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Everything to Know About Digital Radio - DAB Faq Guide
DAB radios are fantastic because they have so much more to offer than a standard FM or AM radio. The channels are more diverse, the sound quality improved, and there are loads more stations than you would normally get.
There are many parts of the world that don’t actually support DAB yet, and the UK is quite lucky to have such a good series of transmitters for it across the country.
However, there are times when the signal is lacking, and you just need an extra boost. What causes this poor reception, and how can you boost the signal of your DAB radio? In this article, we take you through it all.
What Causes Poor Signal?
There are a number of different factors that can cause a poor signal on your DAB radio, one of which is your location.
While DAB is widespread in the UK, there are areas that receive poorer connection than others, such as the Scottish Highlands (and islands), Mid-Wales, and the Pennines.
You can check online to find out where your nearest transmitter is, which should give you a good idea of how much reception to expect. The location of your radio in your house is also a potential cause of bad signal.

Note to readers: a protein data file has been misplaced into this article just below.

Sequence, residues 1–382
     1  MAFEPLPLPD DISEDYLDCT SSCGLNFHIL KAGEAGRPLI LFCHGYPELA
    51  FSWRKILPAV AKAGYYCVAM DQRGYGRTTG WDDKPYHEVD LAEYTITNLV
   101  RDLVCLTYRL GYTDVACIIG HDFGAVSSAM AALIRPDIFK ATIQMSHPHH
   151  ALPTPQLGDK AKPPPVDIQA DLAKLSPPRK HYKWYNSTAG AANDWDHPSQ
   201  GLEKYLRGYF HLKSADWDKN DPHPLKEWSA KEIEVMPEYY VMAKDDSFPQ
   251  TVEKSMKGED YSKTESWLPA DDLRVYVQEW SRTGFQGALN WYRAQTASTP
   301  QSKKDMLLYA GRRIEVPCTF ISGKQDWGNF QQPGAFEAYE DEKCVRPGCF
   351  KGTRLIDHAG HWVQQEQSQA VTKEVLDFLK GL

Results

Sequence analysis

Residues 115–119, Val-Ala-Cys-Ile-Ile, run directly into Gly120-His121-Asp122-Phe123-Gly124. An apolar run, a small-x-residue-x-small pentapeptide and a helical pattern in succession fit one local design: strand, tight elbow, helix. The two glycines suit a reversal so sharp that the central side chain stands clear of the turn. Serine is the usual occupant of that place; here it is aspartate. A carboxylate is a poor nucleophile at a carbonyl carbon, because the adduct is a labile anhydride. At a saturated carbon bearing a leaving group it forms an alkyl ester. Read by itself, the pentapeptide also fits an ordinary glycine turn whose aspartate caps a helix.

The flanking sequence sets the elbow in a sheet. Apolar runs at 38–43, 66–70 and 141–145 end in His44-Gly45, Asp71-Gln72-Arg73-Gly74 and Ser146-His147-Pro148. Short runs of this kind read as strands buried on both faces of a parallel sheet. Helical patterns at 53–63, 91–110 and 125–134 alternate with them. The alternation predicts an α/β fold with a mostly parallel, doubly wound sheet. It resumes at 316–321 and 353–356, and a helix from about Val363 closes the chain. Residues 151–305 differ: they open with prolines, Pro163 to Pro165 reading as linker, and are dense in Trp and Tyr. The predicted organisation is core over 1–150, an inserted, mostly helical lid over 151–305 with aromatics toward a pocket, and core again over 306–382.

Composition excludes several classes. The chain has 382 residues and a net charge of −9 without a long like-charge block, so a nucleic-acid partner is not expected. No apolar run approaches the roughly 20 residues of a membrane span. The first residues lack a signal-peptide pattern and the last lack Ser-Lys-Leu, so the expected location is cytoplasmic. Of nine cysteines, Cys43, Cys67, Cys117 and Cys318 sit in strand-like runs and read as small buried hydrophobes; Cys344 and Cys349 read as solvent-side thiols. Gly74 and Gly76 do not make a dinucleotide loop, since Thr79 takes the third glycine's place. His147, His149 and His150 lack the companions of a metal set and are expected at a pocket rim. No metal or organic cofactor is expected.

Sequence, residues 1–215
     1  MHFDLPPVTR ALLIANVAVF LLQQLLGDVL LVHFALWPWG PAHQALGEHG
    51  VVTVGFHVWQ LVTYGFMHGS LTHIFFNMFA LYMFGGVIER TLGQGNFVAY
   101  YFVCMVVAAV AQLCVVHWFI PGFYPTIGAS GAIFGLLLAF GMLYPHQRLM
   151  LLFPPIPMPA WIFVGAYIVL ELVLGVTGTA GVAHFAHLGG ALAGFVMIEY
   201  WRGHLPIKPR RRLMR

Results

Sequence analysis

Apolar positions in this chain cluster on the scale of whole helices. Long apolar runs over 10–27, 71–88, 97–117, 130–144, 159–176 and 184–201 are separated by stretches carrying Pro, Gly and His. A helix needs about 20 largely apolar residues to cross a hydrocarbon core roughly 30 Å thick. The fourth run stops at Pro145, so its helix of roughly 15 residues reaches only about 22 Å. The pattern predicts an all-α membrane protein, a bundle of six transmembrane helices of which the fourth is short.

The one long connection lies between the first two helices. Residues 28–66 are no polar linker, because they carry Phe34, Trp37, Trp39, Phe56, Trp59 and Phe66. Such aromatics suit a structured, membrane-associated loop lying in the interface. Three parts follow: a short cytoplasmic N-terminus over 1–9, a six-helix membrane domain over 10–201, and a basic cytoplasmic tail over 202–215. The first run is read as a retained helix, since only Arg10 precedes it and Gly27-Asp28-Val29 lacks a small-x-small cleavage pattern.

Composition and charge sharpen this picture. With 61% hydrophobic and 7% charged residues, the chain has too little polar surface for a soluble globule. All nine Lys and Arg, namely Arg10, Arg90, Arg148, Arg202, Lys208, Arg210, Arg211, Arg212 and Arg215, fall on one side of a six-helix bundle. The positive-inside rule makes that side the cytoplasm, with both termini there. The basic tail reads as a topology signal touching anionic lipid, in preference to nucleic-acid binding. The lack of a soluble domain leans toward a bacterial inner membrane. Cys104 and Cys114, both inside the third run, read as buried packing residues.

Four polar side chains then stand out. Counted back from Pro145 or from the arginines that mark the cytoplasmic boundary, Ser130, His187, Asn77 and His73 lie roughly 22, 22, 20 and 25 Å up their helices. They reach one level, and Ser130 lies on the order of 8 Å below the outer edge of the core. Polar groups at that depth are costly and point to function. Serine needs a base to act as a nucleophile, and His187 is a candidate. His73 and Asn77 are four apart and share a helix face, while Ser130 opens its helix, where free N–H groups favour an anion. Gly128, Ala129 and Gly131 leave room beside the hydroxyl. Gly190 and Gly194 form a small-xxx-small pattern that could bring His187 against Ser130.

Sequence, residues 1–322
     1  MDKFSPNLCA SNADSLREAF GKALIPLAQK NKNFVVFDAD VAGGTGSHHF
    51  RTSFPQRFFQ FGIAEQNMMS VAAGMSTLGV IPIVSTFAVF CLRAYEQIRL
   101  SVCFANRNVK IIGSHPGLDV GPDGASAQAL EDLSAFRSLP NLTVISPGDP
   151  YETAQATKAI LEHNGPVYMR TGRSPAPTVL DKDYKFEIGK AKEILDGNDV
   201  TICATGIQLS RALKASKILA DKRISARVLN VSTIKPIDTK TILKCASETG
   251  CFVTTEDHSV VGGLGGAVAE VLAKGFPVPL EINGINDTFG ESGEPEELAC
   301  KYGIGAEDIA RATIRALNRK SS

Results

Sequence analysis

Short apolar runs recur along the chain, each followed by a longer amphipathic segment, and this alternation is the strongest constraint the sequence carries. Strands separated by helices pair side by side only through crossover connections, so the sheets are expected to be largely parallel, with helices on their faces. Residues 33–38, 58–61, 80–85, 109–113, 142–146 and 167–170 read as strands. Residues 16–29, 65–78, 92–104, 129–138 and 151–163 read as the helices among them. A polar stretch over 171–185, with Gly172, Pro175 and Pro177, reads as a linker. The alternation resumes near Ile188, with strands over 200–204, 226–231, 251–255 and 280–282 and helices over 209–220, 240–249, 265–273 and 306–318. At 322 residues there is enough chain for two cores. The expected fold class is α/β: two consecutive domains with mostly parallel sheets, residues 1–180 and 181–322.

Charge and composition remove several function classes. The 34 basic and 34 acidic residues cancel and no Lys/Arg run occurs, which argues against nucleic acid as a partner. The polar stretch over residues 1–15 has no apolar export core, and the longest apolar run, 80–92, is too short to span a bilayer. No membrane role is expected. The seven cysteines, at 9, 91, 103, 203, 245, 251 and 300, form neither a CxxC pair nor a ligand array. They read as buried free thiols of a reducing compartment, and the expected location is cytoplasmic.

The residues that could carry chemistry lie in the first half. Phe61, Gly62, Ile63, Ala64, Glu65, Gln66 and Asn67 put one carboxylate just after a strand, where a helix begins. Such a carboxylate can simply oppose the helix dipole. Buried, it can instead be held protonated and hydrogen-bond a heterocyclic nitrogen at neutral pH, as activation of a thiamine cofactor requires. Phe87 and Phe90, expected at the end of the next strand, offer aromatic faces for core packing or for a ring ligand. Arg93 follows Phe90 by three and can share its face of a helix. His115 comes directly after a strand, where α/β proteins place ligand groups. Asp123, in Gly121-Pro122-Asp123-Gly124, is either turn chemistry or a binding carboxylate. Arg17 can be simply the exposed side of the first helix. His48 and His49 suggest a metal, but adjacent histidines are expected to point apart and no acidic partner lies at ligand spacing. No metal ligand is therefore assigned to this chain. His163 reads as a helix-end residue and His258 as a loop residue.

If you have thick walls, this can weaken the signal, and so placing your radio near a window or a door is often the best way to get the signal back – or even just to a room that has thinner walls.
If you don’t want to move it to a different room, you can also see if adjusting the aerial helps.
Similarly, if you are using a DAB radio in your car, the signal can be lost when you are driving through poor areas or under trees, because the aerial cannot reach a transmitter clearly (or at all).
Just as with a regular budget DAB radio, your location in the country (or world) can impact the amount of signal that you receive.
Interference can also cause poor signal, and it can be caused by a number of different things – one of which is work being carried out on local transmitters, therefore weakening the signal.
Other electrical devices in your home (or on your person) could also be intercepting the signal and causing it to become fuzzy and weak.
Of course, you may just live in an area with generally poor reception area, in which case there isn’t much you can do aside from aerial adjustments.
Solution: Using a Different Aerial